Food for Thought

This week, the planets aligned in my creative galaxy: acceptance letters from two publications; a literary agent seeking quirky cookbooks; a food memoir writing course; a blogger who wants to feature my mother’s cooking newsletter on her site.

As I ran in pre-dawn dusk this morning, drenched in sweat and the deluge of inspiration, I decided to reopen a writing project I’d shelved two years ago in a fit of rage at a disease that knows no shame.

I’d envisioned the book as a tribute to my mother’s many talents. We’d write it together, I thought, the perfect project to regain the sense of purpose Alzheimer’s was slowly stripping away. I’d interlace essays from the monthly newsletter she’d written and designed for thirty years with posts from my blog; use artwork and recipes from her cookbook Cook & Tell, published nearly two decades ago.

But reminders of the skills she’d lost and attempts to reclaim the identity of the woman she no longer remembered proved too painful for either of us to endure. I surrendered the project and Alzheimer’s won that round. Almost.

When the Universe nudges, I’ve learned to listen. And when inspiration sparks creativity, I’m propelled into action.

Gone Girl

I’ve left mom alone for ten days for a petsitting job, and I’m as nervous as she was when she dropped me at summer camp, age eleven.

She’s not alone, really. The caregivers in her memory care home look out for her 24/7. The care director texts photos of her at cooking club; playing the harmonica; modeling new hats. I should enjoy this time away.

It’s hard, though, after spending four years with someone who panics when I’m not there every day. Parenting roles are reversed in our demented lives and each time I leave, it’s as if she were a child again, scared her mother won’t come back. Even after the hundreds of times I’ve left and returned, all she knows is that in that moment, I am gone.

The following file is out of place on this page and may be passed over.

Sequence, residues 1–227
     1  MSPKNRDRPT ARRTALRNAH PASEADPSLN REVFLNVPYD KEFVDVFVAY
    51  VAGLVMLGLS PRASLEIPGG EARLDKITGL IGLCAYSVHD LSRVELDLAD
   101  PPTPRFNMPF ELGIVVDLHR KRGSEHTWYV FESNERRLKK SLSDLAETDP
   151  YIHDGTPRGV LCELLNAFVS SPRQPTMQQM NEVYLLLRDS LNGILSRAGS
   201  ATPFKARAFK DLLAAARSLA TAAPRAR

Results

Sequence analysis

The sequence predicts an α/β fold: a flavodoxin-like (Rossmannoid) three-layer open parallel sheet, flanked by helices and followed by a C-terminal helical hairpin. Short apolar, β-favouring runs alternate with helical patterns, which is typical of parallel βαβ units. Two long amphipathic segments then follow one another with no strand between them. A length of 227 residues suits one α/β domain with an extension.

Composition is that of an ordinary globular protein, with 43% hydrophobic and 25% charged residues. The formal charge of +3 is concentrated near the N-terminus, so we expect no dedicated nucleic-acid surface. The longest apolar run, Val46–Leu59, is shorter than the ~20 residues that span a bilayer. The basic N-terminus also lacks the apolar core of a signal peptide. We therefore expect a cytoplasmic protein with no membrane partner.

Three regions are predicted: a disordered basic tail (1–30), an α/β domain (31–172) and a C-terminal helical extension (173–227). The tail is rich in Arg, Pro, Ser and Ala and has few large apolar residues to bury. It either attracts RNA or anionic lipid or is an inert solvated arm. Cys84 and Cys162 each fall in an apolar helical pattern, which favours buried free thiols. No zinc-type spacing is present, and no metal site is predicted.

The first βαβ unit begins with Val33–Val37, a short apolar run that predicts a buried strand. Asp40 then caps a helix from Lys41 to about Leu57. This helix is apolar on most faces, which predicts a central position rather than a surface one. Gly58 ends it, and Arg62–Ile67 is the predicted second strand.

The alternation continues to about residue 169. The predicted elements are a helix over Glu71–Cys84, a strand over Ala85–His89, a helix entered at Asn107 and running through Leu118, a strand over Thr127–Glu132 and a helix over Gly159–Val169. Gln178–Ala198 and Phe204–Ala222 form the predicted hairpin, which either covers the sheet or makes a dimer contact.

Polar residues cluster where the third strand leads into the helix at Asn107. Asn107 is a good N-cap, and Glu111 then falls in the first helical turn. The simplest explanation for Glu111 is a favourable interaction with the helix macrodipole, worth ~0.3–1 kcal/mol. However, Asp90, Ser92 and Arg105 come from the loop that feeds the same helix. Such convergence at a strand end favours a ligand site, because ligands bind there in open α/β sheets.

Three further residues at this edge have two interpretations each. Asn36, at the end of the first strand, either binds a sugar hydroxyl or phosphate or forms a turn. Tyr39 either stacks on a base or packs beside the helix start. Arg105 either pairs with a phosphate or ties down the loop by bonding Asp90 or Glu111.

Eventually, worry lifts; fear subsides and I learn to trust the process.

Write On

You write because you can’t imagine life without writing. You write because you can’t imagine life as a writer. You write because at eight years old, you told everyone you were going to be a writer. You write because you don’t think you’re good enough. And then you write because you are enough.

You write to give meaning to a life beyond sales calls and quotas. You write to quash self-doubt. You write 140-word blog posts to remember who your mother was before she forgot who you were. You write a novel because fiction creates a world of escape.

You write because you dream about writing and the story awakens you.

You write when you can’t wait to write, and you write when you don’t want to. You write in notebooks with different colored ink marking your mood, after a shot of nicotine courage in pre-dawn darkness. You write on your laptop. On your phone. On grocery receipts.

You write because you’re an addict and the page is now your bottle. You write every day now that you’re sober, because when you drank you wrote shit, if even at all.

You write to help others. You write to give purpose to passion. You write because that is what a writer does.